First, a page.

GAB
W-M LT40HDD34, SLR, JD 420, JD 950w/loader and Woods backhoe, V3507 Fransguard winch, Cordwood Saw, 18' flat bed trailer, and other toys.

Dave Shepard

You can attach a piece of aluminum stock to the band with a heavy rubber band. I would go slightly wider than 1/8", if I was going to make my own for stability. 
Wood-Mizer LT40HDD51-WR Wireless, Kubota L48, Honda Rincon 650, TJ208 G-S, and a 60"LogRite!

YellowHammer

Quote from: GAB on July 09, 2024, 10:26:54 AM
Quote from: YellowHammer on July 09, 2024, 08:40:36 AMEven people on the Forum just this week have mentioned that this video has helped them through or indicated their alignment problems. 

Okay Mr. Milton:
I plead Guilty.
What are you going to sentence me to.
GAB
A "like" and a "I am glad I could help!" especially for experienced sawyers and Forum members like yourself.  That means a lot to me.
YellowHammerisms:

Take steps to save steps.

If it won't roll, its not a log; it's still a tree.  Sawmills cut logs, not trees.

Kiln drying wood: When the cookies are burned, they're burned, and you can't fix them.

Sawing is fun for the first couple million boards.

Be smarter than the sawdust

Andries

LT40G25
Ford 545D loader
Stihl chainsaws

DanielW

All this assumes you can actually adjust your blade pitch. A lot of the less-expensive mills don't have this option. Make sure you actually have the ability to adjust pitch/incline before you buy one.

As JPassardi notes: When you use one, make uber-sure it's centered on the blade and not biased to one side, or the weight of it will be enough to impart some twist in the blade and give you an incorrect measure.

booman

Yellowhammer,  I like the idea of two alignment tools to check for level.  Did you mention that they also need to be parallel to the bed?
2019 LT15G25WIDE, 2013 LT35HDG25, Stihl MS880 with 59" bar with Alaskan sawmill attachment.  John Deere 5045 tractor with forks, bucket and grapple.  Many chainsaws.

doc henderson

also make sure to avoid a set tooth that would push the tool upward and skew the accuracy.  
Timber king 2000, 277c track loader, PJ 32 foot gooseneck, 1976 F700 state dump truck, JD 850 tractor.  2007 Chevy 3500HD dually, home built log splitter 18 horse 28 gpm with 5 inch cylinder and 32 inch split range with conveyor powered by a 12 volt tarp motor

GAB

When using the BGAT(s) make sure your blade is tensioned to your operating tightness, otherwise you are most likely wasting your time.
At the logging show in Essex Jct. in May I noticed that the recommended band tightening pressure sticker for the new LT40's is now higher than what the sticker on my mill says.  Mine is a 2005 model.
GAB
W-M LT40HDD34, SLR, JD 420, JD 950w/loader and Woods backhoe, V3507 Fransguard winch, Cordwood Saw, 18' flat bed trailer, and other toys.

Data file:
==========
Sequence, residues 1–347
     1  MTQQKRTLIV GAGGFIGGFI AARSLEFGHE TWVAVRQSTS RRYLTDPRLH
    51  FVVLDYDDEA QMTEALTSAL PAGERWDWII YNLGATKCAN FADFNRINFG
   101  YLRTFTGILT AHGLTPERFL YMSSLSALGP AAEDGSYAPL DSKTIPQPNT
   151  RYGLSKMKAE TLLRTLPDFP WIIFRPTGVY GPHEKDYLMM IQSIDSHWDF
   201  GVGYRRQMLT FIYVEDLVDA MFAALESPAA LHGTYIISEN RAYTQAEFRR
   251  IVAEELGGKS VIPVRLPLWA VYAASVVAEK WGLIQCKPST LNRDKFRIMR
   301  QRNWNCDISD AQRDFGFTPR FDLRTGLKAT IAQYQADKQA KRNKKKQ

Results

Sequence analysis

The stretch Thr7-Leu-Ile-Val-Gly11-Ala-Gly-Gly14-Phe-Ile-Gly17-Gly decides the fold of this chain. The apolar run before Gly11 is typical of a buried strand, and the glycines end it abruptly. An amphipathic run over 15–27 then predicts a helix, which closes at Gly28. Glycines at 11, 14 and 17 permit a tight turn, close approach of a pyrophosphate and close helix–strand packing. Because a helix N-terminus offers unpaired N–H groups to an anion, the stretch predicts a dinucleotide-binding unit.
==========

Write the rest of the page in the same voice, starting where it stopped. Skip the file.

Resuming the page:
Old Greenhorn

Just about all the WM techs are saying 3500#, We've been running it that way for several years now. Works well. Banjo "G" string tight. (the high G, not the low G.) ffcheesy
Tom Lindtveit, Woodsman Forest Products
Oscar 328 Band Mill, Husky 350, 450, 562, & 372 (Clone), Mule 3010, and too many hand tools. :) Retired and trying to make a living to stay that way. NYLT Certified.
OK, maybe I'm the woodcutter now.
I work with wood, There is a rumor I might be a woodworker.

doc henderson

my TK has a small hydraulic cylinder in the screw tensioner.  to a gage.  It recommends 1300 to 1500 #s.  prob. the difference in design.  Middle C!
Timber king 2000, 277c track loader, PJ 32 foot gooseneck, 1976 F700 state dump truck, JD 850 tractor.  2007 Chevy 3500HD dually, home built log splitter 18 horse 28 gpm with 5 inch cylinder and 32 inch split range with conveyor powered by a 12 volt tarp motor

Larry

Those gauge numbers don't mean a whole lot and some are pretty inaccurate. It takes 24,000 +- psi stress to properly tension most bands. The only accurate way to measure that is with a stress gauge. WM, Lennox and a few others sell them. Just remember its going to taking a lot more pressure to tension a .055 1-1/2" 4 degree than a .045 1-1/4 turbo.

YellowHammer did a excellent job making the video. It's great to have a good reference to refer to when needed.
Larry, making useful and beautiful things out of the most environmental friendly material on the planet.

We need to insure our customers understand the importance of our craft.

Magicman

Knothole Sawmill, LLC     '98 Wood-Mizer LT40SuperHydraulic   WM Million BF Club Member   WM Pro Sawyer Network

It's Weird being the Same Age as Old People

Never allow your "need" to make money to exceed your "desire" to provide quality service.....The Magicman

YellowHammer

Larry, thank you.

Quote from: booman on July 09, 2024, 04:15:33 PMYellowhammer,  I like the idea of two alignment tools to check for level.  Did you mention that they also need to be parallel to the bed?


Yes, certainly, I mention that in the video.
YellowHammerisms:

Take steps to save steps.

If it won't roll, its not a log; it's still a tree.  Sawmills cut logs, not trees.

Kiln drying wood: When the cookies are burned, they're burned, and you can't fix them.

Sawing is fun for the first couple million boards.

Be smarter than the sawdust

RAYAR

Quote from: Hemlock121 on July 08, 2024, 07:27:38 PMHonestly, I had never heard of a Blade Guide Alignment tool ..... Do some of you make your own guides?  If so, would you mind posting your versions?

Learn something new every day...

Thanks!
I made my own when I first bought my mill. Mine is made of stainless steel since I had access to it at the time, now retired. It looks the same as the Cooks version: https://cookssaw.com/blade-alignment-tool/
mobile manual mill (custom build) (mods & additions on-going)
Custom built auto band sharpener (currently under mods)
Husqvarna 50, 61, 254XP (and others)
96 Polaris Sportsman 500
2006 Ranger 4X2 w/cap, manual trans (432,500 Km)